Felicia Grondin, acting executive director of the Council on Compulsive Gambling of New Jersey, said the absence of other things to bet on, such as sports and horseracing, in the early days of the pandemic pushed some gamblers into stock trading platforms that can deliver the same thrill. Her group’s 1-800-Gambler helpline has received an almost 50 per cent increase in calls related to day trading since the start of the pandemic, she said, though she noted that the volume was small compared with calls about lotteries and sports betting.
Whyte views the increase in traders’ calls to the National Council on Problem Gambling as “the Robinhood effect” — a reference to Robinhood, the commission-free US broker. Robinhood has estimated that half of all new brokerage accounts opened from 2016 to 2021 were on its platform, and half of its own 22.5m funded accounts opened since 2015 were first-time investors.
Until earlier this year, Robinhood’s app greeted new users with a “scratch off” function that revealed a free share of stock for opening an account and rewarded customers with falling digital confetti when they executed trades.
Emoji stars and high-five symbols are still used in Robinhood customer communications, deposit confirmations and notifications. After a trade is completed, users are prompted by a sunglasses-wearing smiley face to consider placing another order.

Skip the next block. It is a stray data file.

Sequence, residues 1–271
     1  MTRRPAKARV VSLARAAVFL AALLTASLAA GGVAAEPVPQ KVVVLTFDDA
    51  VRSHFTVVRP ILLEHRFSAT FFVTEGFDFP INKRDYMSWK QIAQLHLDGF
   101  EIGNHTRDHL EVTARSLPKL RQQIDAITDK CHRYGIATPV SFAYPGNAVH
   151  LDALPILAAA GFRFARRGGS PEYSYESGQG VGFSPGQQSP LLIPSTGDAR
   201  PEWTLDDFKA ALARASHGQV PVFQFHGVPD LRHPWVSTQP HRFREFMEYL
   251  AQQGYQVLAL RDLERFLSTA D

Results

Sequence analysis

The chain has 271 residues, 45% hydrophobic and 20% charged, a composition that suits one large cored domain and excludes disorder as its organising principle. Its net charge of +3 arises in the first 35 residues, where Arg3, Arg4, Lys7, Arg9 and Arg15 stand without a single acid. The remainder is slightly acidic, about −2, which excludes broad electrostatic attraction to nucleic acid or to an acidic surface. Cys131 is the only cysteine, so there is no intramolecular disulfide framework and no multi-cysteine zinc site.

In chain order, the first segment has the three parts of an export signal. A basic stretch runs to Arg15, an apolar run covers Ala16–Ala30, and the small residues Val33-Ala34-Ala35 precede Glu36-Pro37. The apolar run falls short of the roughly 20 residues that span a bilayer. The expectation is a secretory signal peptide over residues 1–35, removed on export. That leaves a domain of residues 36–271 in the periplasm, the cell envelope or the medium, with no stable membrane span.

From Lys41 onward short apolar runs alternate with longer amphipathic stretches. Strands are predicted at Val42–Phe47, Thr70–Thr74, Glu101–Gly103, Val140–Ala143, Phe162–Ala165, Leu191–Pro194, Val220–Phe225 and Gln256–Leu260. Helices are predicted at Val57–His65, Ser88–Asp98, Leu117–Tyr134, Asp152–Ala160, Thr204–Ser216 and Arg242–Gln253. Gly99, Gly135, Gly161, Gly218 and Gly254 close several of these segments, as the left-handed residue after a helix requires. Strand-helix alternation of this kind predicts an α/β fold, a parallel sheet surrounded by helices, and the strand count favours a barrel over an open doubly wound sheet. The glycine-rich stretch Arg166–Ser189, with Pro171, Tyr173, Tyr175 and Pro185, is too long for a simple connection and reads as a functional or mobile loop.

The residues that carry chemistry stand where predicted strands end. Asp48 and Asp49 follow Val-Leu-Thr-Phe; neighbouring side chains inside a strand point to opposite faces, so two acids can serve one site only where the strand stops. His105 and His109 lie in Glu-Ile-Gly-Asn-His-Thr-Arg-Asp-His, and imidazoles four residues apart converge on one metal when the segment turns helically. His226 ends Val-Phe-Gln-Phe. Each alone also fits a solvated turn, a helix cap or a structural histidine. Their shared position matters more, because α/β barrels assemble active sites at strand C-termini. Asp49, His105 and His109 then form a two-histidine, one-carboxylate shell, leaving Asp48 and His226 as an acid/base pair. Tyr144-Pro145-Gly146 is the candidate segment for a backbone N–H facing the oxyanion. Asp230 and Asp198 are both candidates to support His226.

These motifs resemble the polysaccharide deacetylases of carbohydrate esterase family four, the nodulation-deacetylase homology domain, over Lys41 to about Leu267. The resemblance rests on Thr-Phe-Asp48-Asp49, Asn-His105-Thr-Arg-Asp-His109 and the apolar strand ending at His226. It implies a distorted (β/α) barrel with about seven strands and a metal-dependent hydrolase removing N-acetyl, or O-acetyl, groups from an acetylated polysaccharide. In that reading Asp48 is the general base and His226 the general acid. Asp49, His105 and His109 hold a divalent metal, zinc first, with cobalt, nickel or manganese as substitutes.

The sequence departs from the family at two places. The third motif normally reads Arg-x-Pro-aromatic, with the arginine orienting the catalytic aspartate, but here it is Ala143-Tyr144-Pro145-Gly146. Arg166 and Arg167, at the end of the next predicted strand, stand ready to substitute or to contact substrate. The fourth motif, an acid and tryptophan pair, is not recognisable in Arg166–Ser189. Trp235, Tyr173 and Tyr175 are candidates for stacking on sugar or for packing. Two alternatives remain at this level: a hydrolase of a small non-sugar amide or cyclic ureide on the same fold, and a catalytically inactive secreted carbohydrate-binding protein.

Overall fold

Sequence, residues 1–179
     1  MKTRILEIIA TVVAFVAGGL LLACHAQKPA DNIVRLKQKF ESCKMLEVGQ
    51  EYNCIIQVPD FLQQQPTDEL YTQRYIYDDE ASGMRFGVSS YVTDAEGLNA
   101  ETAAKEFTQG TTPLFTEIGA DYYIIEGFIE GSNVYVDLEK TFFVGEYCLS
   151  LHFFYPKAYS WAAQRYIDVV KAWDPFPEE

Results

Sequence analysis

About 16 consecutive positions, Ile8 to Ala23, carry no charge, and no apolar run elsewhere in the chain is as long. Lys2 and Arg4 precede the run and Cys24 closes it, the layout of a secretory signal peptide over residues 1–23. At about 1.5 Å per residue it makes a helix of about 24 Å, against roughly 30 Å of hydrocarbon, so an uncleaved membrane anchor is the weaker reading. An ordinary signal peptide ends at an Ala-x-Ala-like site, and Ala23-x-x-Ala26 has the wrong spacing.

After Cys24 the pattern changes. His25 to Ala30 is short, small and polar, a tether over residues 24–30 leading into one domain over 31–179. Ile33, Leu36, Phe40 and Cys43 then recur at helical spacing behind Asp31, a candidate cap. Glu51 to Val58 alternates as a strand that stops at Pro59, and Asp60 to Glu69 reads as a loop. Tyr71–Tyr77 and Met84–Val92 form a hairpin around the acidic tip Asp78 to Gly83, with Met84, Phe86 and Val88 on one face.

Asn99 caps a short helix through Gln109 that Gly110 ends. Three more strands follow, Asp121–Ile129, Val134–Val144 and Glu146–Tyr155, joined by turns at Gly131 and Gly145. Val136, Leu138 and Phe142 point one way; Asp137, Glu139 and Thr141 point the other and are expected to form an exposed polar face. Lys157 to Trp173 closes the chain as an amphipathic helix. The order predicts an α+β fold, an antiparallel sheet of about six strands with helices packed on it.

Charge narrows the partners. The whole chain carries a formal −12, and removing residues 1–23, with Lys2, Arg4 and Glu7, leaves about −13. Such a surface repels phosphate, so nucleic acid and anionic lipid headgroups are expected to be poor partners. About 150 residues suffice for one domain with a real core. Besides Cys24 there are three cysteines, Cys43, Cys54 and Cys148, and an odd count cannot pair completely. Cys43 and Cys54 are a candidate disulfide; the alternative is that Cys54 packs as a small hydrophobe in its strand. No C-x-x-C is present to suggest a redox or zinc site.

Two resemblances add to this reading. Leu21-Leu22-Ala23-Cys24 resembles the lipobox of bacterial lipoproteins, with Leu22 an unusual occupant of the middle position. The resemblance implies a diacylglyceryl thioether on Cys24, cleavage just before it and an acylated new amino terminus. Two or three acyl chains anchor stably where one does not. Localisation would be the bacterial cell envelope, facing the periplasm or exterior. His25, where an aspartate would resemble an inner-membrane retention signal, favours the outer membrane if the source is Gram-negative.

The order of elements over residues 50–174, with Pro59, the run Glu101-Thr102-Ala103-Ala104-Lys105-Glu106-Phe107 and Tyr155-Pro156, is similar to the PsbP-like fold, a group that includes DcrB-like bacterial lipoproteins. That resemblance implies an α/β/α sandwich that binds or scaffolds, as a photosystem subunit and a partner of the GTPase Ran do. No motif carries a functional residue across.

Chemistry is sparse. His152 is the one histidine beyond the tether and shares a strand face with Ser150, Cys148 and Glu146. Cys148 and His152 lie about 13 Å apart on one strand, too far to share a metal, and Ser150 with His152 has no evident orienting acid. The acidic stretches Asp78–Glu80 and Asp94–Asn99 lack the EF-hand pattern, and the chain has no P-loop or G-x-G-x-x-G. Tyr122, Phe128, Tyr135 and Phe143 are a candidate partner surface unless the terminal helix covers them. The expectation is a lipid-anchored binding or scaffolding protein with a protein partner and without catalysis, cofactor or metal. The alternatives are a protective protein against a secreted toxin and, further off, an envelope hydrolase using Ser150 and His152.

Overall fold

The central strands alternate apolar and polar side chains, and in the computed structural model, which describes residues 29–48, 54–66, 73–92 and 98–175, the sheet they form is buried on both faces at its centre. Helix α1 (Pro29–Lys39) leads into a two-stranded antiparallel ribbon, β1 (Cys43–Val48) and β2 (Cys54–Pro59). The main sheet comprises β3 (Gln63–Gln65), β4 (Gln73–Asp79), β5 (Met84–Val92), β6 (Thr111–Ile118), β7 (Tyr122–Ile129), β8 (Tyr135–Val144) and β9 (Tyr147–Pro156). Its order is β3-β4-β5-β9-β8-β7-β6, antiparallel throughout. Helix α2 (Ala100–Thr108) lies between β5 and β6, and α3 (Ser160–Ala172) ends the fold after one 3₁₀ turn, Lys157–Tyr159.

Robinhood has argued that it provides information users want. “The efficiency of design that creates a delightful customer experience should not be considered ‘gamification’ and does not indicate any intent to manipulate customers,” David Dusseault, president of its Robinhood Financial division, wrote in response to the SEC’s request for comment.
Vlad Tenev, Robinhood’s chief executive, wrote in a Wall Street Journal column last month that it was “offensive” to suggest that new investors were “uninformed gamblers”.
Reactions and reinforcement after a trade are borrowed from the gaming and gambling worlds, gamification experts said. They seem designed to make users feel positive about a decision and keep them engaged, regardless of whether they won or lost. Explosive moves in meme stocks and cryptocurrencies have strengthened the emotional punch.